11. Slightly O/T. but German lawmaker Peter Gauweiler has filed an emergency petition with the Federal Constitutional Court in Karlsuhse, He’s asking the court not to give it’s verdict on the constitutionality of the ESM until it also considers Draghi’s bond buying venture that was announced Thursday last, as it is now material to the main issue before the court. This could delay the September 12th verdict.


  12. “In recent weeks however, I have also observed in extreme close-up just how large a generation gap there is in the Anglo-Saxon West today between the ‘anything goes’ 30-45 crowd and the 55+ ‘this surely cannot be happening’ oldies who grew up in an era when Jeremy Hunt would never even have been elected or selected, let alone been elevated to the job of ‘running’ the public Health portfolio.”

    In a word!
    Never thought we ‘silvers’ would come off as wide-eyed babies!


  13. Hi John

    After reading the line: “Domino Pizzas, a purveyor of high-fat food low in roughage that leads to obesity now and ill-health in later life.”

    I wanted to share a video lecture from the science writer Gary Taubes on fat, diet, exercise and obesity:

    It breaks apart a lot of the long held and entrenched ideas about fat and health using long since elucidated scientific evidence from history.

    Keep up the good work.


  14. According to QI, the most non-corruptible way of choosing politicians is to select them like we currently do jurors. Political service as a required public duty, wouldn’t that be grand!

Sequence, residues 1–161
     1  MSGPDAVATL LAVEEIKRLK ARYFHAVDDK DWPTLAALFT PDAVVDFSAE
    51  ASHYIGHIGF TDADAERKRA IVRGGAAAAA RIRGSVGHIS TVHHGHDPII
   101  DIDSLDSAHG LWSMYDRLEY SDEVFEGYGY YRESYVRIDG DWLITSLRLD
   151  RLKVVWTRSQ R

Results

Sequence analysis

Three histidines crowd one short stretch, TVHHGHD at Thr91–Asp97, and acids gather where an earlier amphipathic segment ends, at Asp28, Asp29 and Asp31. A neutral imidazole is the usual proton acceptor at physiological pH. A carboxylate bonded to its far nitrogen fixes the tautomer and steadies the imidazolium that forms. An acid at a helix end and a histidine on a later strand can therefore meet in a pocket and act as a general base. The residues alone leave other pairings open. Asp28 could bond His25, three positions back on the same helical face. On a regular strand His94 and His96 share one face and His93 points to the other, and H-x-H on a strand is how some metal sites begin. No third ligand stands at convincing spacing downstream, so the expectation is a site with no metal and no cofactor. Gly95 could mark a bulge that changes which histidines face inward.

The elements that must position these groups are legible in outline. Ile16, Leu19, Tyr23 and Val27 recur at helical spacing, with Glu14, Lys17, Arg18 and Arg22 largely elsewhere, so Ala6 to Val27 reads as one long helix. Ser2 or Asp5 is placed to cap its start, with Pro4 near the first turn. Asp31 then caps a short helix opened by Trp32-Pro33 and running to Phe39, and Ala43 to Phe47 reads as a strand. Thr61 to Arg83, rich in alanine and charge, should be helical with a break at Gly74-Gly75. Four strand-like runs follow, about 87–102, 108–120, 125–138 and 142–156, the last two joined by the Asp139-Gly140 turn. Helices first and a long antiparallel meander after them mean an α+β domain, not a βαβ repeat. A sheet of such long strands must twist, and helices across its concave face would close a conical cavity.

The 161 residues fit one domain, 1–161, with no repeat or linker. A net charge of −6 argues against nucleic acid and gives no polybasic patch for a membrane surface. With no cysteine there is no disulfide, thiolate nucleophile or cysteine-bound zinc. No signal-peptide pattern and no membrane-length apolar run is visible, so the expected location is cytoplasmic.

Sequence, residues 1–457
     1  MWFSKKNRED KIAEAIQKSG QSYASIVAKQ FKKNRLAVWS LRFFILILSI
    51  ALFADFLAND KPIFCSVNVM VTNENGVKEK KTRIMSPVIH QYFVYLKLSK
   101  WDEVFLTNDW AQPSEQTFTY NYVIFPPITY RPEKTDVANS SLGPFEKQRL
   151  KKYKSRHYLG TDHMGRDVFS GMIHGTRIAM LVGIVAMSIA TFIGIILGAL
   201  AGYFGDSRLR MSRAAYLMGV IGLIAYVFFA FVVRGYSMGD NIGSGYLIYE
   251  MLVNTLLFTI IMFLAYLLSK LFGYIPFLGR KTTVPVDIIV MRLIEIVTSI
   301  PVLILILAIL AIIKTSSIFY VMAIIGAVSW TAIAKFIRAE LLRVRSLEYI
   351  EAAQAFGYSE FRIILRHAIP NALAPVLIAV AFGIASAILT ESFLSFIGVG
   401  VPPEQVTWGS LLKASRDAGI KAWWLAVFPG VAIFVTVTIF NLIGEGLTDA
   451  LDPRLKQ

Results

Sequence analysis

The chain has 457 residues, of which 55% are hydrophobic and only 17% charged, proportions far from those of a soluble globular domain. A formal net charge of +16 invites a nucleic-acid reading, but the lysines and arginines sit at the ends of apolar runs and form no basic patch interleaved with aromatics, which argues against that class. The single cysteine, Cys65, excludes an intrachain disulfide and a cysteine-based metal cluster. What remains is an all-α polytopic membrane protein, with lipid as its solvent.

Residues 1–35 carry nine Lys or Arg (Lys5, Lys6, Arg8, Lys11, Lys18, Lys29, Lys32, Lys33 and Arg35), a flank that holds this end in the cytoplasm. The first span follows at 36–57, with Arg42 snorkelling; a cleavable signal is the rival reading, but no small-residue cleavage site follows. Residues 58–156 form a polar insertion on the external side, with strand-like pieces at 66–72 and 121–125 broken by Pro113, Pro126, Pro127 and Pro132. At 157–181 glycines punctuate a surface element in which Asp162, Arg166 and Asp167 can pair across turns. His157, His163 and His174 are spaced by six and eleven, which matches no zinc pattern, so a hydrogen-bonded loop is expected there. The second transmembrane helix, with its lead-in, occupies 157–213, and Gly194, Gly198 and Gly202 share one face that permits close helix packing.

15. Of course housing is an outrageous bubble and a drop in real prices would do wonders for the economy. It may well be coming since the immigration figures that everyone moans about are also set to decline, perhaps sharply. Take the students out of the equation, as they should be and everyone else does, and they already look better. EU inward migration has slowed and the bump from the new accession countries is largely over. Most interesting though is the brain drain of young well qualified Brits. We are rapidly returning to the situation of the 1960s and 70s. If that continues as I expect we will see the ‘net’ immigration figures become better on the surface although the human capital of UK plc will have been depleted. Property prices are an important driver of our good people abroad. So play with immigration but increase property supply and change the tax system.


  16. “Never thought we ‘silvers’ would come off as wide-eyed babies!”